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Multisigs mean funds in bridges are ‘one small slipup’ from being hacked


The recent exploit on Harmony’s Horizon Bridge revealed the inherent flaws with multisig admin keys that leave projects and their users “one small slipup” from deep trouble.

Two crypto project leads expressed their concern that the expansion of the multi-chain ecosystem could be hampered by the use of multisig contracts due to the dangers they pose with bridges keeping crypto funds safe.

Multisig refers to the requirement of multiple individuals to approve a transaction. The multichain ecosystem is the conglomeration of hundreds of blockchains with varying consensus algorithms that often interact through token bridges.

Founder of the Moonbeam blockchain Derek Yoo told Cointelegraph that he advocates for new approaches to security that aim to take the element of human error out of the equation. Yoo said the multichain ecosystem is seeing increased rise in usage due to the “desire to move assets to different chains” but that it needs much better security measures.

“There are inherent weaknesses in the multisig approach that expose you to hacking risk. It takes one small slipup and you’re in deep trouble.”

Moving assets between chains usually requires token bridges, like the Horizon Bridge which was exploited on June 23 for about $100 million in crypto assets. Horizon was compromised when two of the signee keys for its multisig contract were discovered by an attacker.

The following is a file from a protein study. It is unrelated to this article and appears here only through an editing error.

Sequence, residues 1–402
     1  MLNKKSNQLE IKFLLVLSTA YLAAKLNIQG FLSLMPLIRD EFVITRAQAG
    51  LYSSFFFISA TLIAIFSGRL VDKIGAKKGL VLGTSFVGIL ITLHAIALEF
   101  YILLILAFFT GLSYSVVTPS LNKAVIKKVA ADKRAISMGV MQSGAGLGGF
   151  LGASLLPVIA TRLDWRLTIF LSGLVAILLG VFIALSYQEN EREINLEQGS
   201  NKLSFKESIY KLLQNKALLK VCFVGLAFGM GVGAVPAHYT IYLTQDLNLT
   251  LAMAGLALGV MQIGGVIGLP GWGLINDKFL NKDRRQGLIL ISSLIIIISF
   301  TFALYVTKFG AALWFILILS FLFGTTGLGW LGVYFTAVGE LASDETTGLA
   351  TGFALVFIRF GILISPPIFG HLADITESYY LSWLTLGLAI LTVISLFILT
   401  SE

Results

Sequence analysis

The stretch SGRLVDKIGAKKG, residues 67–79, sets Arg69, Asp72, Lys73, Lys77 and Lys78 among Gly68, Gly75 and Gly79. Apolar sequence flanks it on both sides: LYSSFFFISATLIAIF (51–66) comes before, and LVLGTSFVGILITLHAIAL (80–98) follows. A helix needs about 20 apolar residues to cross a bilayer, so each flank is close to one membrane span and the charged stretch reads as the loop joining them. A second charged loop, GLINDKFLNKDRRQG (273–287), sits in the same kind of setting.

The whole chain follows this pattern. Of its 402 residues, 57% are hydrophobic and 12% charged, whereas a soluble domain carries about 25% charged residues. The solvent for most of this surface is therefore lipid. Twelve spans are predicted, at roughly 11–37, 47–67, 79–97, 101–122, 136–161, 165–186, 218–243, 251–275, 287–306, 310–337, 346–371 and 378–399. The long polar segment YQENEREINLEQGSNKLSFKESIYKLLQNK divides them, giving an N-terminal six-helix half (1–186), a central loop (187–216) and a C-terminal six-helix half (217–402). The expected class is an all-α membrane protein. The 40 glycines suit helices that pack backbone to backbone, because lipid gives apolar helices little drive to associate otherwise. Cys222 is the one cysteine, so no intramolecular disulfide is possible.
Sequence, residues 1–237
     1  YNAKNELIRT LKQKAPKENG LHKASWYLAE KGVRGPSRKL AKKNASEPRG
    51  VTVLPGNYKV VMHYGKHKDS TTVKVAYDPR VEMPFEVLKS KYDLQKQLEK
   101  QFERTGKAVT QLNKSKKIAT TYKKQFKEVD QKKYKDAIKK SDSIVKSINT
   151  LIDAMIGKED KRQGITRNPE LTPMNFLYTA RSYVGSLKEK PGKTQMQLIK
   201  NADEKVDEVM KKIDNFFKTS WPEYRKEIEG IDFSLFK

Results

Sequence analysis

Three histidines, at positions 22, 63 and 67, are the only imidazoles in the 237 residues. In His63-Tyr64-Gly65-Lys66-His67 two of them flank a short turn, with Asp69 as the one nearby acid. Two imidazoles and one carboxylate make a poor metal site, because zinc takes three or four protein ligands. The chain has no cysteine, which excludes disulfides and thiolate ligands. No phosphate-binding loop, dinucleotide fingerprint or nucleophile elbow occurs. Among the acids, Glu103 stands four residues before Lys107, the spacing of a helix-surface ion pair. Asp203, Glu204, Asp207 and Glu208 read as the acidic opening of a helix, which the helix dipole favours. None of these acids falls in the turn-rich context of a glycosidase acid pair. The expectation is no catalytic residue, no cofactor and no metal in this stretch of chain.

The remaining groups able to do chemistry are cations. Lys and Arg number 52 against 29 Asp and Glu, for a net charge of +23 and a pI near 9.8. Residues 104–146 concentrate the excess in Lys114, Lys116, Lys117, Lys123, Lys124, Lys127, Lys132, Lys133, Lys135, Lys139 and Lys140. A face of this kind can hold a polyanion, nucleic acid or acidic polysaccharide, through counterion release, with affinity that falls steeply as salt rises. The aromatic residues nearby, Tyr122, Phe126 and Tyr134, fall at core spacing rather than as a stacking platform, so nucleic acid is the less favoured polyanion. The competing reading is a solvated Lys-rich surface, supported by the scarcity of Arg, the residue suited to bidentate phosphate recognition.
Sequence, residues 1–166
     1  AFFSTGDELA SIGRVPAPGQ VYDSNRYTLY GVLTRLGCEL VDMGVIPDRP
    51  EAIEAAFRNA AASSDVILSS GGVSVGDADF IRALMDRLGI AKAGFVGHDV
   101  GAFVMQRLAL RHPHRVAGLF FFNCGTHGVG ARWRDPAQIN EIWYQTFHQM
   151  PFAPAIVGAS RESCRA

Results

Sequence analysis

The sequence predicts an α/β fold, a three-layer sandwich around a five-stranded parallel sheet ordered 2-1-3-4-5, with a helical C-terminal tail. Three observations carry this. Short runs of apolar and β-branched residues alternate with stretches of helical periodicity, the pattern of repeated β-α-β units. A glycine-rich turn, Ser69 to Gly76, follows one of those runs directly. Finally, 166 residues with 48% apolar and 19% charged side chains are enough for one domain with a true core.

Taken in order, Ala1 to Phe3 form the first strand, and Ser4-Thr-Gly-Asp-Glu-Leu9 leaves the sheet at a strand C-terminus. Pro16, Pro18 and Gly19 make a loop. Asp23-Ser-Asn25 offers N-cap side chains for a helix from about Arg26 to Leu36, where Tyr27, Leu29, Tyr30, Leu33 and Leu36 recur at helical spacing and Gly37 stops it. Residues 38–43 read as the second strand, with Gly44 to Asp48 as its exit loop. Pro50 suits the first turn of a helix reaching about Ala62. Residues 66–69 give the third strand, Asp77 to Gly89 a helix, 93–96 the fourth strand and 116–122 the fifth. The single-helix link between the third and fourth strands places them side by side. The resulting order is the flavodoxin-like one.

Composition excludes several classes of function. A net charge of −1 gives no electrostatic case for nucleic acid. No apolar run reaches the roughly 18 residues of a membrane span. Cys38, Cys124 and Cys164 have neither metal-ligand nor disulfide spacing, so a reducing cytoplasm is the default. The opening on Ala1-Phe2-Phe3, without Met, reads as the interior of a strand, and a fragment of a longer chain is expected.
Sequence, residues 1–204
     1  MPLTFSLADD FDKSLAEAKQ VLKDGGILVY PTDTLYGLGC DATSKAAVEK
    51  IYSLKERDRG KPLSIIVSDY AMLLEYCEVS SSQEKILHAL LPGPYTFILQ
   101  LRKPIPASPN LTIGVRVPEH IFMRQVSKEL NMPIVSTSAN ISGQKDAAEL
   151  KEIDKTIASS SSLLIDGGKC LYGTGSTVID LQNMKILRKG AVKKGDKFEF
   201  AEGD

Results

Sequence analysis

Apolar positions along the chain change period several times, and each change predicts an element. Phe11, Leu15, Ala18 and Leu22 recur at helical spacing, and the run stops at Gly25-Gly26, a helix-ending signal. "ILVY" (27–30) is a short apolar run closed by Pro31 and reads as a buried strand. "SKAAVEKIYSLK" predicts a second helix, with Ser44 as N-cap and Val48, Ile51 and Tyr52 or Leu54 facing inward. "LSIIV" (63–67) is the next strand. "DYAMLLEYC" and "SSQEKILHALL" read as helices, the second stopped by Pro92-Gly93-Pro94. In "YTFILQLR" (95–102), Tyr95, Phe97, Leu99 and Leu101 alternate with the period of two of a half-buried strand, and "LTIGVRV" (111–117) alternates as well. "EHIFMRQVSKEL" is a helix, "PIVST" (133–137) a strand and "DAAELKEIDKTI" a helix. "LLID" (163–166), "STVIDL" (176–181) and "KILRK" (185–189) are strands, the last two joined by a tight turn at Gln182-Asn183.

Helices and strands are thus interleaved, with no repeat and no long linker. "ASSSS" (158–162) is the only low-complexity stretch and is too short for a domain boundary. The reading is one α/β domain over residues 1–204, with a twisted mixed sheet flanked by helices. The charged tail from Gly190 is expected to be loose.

Yoo pointed out that the multisig approach may be the standard for the industry at present, but it is far from a gold standard. In his estimation, there are much more secure designs that could be implemented to bridge tokens, such as using a separate proof-of-stake (PoS) network for transfers. He feels that while developers have to make compromises to get to chains with a lot of activity:

“Communication between chains at the blockchain level is the bleeding edge and is the most secure type of bridging.”

CEO of the Mina Foundation which developed the Mina blockchain Evan Shapiro shares Yoo’s distrust of the multisig approach given the more advanced measures available to the industry now. He feels that the biggest problem facing the multichain ecosystem is its over-reliance on trust. He told Cointelegraph on June 30 that

“The obvious problem is based on third-party custodians serving as trusted intermediaries for bridges.”

In his view, the ideal would be for blockchains to be verified by each other, but acknowledges that that is infeasible and inefficient. An alternative is to utilize zero-knowledge proofs that compress and verify the massive amount of data stored on blockchains.

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Shapiro distilled the dilemma presented by token bridges down to who or what entity users are placing their trust in when bridging tokens. He said that it doesn’t matter if the bridge is the first party, as is the case with the Horizon Bridge, or the third party. “This is not about the development of the code,” he said.

“It speaks to the risks of custodial bridges. If you have a custodial bridge, a fixed number of people can compromise it.”